This is a radically different approach than the cabin-to-coffin exhibit at the ALPLM in Springfield, which ends on a note of somber resolution—the war won, Lincoln’s place in national pantheon secured.  The narrative at Ford’s is less reassuring.  This exhibit starts with Booth’s bullet, and then takes the visitor through the post-war debates over the changes Lincoln implemented.  The story meanders through an America still dealing with the ripples of Lincoln’s presidency, a nation taking steps both forward and backward, both toward the transformations wrought by Lincoln and in the opposite direction of Black Codes and the collapse of Reconstruction.

And the way in which people remember Lincoln, in this narrative, is not set in marble in April 1865.  Instead, the world contests his legacy down through the years, finding multiple meanings and dropping the ones that become inconvenient.

It seems to paint a messy, complicated, and often ambiguous picture of history and historical memory.  In other words, it sounds like it’s worth a visit.

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Filed under Abraham Lincoln, Civil War, History and Memory, Museums and Historic Sites

Reconsidering Andrew Johnson

Dr. Paul Bergeron probably knows more about Andrew Johnson than anyone else does, so his newest book ought to be well worth a read.  Check out this article on Bergeron’s work in the Knoxville News Sentinel.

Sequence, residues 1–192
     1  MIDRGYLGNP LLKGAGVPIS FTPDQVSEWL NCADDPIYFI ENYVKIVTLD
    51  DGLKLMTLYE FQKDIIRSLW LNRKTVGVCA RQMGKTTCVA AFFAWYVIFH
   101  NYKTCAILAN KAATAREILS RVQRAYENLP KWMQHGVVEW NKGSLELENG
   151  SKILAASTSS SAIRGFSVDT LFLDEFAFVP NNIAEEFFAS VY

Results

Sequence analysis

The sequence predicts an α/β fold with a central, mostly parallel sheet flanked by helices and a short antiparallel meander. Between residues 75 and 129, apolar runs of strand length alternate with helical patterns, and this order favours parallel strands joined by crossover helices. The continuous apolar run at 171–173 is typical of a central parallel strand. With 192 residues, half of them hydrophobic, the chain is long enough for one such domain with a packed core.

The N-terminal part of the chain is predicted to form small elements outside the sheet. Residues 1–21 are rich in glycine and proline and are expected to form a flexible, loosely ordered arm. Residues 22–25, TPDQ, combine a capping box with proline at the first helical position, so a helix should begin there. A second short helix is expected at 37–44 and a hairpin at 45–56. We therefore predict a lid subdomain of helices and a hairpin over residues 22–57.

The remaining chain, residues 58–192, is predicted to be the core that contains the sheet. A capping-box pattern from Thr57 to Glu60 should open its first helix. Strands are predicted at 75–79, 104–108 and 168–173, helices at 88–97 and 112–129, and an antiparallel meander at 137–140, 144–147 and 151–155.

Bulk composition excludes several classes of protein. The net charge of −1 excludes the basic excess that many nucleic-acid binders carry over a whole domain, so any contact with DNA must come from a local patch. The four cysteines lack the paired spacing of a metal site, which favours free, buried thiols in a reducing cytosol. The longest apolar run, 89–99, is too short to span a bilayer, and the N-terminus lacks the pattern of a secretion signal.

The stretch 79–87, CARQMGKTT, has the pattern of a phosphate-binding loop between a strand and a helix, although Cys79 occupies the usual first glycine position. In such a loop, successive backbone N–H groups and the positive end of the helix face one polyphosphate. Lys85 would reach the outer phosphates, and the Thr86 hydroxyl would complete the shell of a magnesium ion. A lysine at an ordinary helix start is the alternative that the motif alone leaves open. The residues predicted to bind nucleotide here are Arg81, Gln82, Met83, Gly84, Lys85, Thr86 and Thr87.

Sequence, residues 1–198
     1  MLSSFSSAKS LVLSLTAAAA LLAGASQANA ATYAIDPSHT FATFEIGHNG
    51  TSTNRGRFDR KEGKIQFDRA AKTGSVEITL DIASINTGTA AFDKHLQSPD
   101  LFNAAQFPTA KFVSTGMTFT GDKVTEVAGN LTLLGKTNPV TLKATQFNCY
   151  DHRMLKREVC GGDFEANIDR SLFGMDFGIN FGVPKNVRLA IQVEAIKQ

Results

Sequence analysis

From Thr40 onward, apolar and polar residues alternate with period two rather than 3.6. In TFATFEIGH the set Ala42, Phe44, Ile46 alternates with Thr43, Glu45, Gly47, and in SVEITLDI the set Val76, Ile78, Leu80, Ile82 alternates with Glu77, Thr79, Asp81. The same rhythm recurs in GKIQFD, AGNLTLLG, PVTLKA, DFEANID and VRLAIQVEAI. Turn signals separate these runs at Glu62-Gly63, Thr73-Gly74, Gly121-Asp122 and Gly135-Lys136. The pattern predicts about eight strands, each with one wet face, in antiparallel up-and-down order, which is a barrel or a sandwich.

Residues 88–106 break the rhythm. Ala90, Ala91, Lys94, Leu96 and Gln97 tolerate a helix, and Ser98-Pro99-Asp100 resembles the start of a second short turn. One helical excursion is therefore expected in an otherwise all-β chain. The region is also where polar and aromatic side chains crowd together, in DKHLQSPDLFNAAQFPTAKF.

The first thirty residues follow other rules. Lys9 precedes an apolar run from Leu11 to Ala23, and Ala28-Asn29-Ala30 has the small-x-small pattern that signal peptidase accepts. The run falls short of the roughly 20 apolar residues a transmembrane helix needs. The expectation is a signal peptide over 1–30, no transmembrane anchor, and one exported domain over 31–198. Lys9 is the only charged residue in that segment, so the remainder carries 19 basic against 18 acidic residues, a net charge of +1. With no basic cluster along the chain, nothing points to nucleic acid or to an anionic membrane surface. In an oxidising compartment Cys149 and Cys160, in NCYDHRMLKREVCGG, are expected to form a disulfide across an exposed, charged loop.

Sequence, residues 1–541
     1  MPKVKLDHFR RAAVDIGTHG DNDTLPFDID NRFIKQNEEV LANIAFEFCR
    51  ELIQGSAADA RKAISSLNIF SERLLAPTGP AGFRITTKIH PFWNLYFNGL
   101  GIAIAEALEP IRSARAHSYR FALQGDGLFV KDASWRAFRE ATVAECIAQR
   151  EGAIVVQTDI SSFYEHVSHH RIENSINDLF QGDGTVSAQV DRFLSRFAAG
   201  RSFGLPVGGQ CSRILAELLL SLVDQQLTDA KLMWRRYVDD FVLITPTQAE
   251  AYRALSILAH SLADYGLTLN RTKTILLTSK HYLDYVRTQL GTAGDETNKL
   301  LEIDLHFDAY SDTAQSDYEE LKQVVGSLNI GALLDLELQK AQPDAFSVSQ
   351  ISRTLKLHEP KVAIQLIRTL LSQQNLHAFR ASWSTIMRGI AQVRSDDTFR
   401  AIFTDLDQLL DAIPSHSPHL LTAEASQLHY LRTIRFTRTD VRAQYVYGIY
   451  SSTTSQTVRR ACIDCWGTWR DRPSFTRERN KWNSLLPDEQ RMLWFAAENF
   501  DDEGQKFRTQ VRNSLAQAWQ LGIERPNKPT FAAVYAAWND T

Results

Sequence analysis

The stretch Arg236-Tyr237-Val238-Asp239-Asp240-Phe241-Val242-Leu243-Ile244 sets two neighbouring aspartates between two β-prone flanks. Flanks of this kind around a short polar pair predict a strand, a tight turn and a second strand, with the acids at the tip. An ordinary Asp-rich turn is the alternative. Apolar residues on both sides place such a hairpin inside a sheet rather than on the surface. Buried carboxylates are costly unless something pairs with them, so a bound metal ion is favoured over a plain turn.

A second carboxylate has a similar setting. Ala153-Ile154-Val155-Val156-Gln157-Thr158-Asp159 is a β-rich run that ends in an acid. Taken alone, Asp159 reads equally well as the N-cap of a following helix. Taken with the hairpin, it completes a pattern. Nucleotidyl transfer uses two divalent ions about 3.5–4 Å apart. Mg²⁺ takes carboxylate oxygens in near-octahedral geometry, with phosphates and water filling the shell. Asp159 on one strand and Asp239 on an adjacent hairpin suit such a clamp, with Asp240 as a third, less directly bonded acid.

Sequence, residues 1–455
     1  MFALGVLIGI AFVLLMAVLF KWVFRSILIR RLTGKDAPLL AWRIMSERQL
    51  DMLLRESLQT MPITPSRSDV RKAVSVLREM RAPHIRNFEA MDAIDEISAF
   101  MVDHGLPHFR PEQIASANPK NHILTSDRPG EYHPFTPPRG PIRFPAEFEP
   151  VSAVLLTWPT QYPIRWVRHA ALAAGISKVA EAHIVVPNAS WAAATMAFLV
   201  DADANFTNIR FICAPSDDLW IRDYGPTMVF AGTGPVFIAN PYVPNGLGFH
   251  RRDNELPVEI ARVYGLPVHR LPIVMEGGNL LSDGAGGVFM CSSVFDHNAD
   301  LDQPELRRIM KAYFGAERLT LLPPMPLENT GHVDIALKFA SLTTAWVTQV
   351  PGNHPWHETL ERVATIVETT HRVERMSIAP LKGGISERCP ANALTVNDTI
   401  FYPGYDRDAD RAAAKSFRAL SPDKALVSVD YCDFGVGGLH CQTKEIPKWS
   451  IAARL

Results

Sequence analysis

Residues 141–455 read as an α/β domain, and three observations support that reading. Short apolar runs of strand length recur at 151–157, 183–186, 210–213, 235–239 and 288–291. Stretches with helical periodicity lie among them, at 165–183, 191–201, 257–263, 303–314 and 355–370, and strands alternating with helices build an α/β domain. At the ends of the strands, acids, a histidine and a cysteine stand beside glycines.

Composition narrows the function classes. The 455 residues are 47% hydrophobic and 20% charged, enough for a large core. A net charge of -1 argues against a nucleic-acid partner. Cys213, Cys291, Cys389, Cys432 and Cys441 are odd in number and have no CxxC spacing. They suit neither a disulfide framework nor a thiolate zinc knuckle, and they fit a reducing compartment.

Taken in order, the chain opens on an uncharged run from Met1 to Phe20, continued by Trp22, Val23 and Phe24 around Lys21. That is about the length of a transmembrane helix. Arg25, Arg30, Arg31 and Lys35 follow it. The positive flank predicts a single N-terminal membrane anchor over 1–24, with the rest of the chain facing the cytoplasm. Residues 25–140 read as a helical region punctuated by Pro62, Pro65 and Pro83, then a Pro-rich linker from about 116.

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Filed under Civil War, Historiography, Tennessee History

Hess on Lincoln Memorial University and Bergeron on Andrew Johnson

Let me direct your attention to two of this year’s books from the University of Tennessee Press, both of which I’ve eagerly awaited for some time.

First up is Lincoln Memorial University and the Shaping of Appalachia by Earl Hess, which will place the early history of LMU within the context of what was happening in Appalachia during the crucial late nineteenth and early twentieth centuries and of the Lincoln apotheosis that peaked around the time of the centennial of his birth.

As regulars of the blog know, LMU is my alma mater, and Dr. Hess is one of the people most responsible for setting me on a path toward a career in history.  Most readers know him for his acclaimed Civil War studies.

Another book to anticipate is Andrew Johnson’s Civil War and Reconstruction by Paul Bergeron, who spent more than a decade editing and publishing Johnson’s papers and is probably the country’s foremost authority on him.  This book promises a more nuanced and balanced appraisal of Johnson than what many histories provide, and may lead to a thorough reassessment of his place in American politics.

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Filed under Appalachian History, Civil War, Historiography, Tennessee History